The Oral History Project, which has received funding from the Heritage Lottery Fund, will see pupils from nine local primary and secondary schools produce short films to collate the personal memories of those who have had close involvement with the theatre over the years.
Pupils from St Bede, John Keble, Winnall and Kings Worthy primary schools, and The Clere School, Osborne, Westgate and Henry Beaufort secondary schools will work with Strong Island Media to shoot and edit the ten one-minute long films.
Jo Hennessy, Outreach Officer at the Theatre, said the project has kicked off successfully.
“We are in the filming stage at the moment,” she said.
“It’s great because you see the kids holding a great big camera and their face is full of joy.
“We have children from Year Two all the way up to Year Ten so there will be a variety of different films.”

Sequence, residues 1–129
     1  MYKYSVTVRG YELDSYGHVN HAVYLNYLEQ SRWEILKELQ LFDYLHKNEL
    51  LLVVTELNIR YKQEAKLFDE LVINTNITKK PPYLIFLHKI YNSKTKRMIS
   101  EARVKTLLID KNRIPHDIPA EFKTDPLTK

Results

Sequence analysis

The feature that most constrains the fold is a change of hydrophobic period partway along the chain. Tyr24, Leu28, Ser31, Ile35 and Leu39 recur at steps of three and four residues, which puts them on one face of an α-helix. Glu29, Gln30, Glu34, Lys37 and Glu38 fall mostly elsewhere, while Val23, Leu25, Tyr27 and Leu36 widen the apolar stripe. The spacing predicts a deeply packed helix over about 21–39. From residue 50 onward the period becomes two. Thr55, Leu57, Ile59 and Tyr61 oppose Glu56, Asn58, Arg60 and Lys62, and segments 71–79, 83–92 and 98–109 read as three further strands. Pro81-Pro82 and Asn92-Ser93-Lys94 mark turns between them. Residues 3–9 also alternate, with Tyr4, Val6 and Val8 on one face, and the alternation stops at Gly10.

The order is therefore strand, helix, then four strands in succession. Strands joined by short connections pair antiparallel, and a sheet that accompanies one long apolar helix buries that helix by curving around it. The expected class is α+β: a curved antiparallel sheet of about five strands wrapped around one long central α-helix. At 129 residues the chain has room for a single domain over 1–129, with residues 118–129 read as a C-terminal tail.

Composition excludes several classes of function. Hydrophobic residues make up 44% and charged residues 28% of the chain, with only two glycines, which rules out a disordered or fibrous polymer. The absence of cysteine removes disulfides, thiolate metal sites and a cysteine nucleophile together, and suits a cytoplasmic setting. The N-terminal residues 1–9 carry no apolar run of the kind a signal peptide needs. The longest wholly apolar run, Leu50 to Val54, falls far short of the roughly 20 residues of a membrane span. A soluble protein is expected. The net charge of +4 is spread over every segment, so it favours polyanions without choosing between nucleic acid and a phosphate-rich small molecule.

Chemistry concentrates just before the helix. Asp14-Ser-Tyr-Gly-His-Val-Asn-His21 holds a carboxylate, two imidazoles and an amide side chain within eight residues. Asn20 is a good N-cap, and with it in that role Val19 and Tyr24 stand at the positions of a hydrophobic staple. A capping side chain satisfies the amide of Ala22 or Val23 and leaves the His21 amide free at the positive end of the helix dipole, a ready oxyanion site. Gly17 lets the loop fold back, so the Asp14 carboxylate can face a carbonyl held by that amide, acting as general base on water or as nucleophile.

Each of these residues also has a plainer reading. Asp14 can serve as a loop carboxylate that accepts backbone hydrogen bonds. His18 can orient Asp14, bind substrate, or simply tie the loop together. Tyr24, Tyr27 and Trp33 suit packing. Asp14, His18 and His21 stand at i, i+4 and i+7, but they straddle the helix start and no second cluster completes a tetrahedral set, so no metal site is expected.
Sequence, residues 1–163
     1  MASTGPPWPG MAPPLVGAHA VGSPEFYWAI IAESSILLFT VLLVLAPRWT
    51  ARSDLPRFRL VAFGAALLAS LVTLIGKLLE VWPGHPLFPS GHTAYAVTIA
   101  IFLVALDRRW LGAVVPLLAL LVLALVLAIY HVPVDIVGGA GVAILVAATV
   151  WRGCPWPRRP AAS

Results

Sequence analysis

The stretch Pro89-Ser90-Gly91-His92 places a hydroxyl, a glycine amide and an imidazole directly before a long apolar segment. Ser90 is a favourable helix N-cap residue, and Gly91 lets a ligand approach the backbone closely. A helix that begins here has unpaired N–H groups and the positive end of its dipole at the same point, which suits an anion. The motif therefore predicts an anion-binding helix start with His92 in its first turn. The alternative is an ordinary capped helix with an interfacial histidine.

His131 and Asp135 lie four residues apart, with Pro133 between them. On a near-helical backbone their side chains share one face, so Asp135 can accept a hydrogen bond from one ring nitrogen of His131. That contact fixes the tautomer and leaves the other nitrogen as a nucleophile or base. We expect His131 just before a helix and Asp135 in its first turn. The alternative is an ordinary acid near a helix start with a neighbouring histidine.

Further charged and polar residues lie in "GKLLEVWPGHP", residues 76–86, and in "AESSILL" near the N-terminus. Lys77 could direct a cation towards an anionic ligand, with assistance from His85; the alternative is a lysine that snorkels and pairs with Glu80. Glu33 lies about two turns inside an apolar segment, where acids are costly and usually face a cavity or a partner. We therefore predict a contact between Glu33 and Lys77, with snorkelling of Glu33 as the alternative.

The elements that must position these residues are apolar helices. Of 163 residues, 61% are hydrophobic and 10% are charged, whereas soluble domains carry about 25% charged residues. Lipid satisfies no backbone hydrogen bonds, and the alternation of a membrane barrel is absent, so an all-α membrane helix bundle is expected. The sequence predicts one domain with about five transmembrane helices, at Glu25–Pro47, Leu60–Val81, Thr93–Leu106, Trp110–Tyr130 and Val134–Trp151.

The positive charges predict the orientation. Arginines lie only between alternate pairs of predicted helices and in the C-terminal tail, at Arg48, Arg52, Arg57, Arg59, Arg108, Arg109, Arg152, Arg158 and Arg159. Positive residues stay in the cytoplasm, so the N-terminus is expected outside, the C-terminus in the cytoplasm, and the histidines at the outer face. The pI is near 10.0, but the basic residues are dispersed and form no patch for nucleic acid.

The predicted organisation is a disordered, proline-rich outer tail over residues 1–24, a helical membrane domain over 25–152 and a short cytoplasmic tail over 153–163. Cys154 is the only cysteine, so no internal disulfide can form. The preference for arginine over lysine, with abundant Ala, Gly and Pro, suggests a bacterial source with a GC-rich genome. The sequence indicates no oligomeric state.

When the building first opened as a theatre in 1914 it operated as a cine-variety – a mixture of live performances and screenings, and is the only one in the country that has survived in its original state.
The project hopes to revive this historical way of entertaining, as well as involve the local community in celebrating its centenary.
Ms Hennessy said: “Plenty of documented history on the theatre exists, but no-one has yet captured what the theatre means to the community in a wider context.
“The Oral History Project will enable the students to record the public’s memories, experiences and opinions of the theatre, using filming and interviewing techniques.”
The theatre will be holding a gala event in September to showcase the films, interjected with live performances.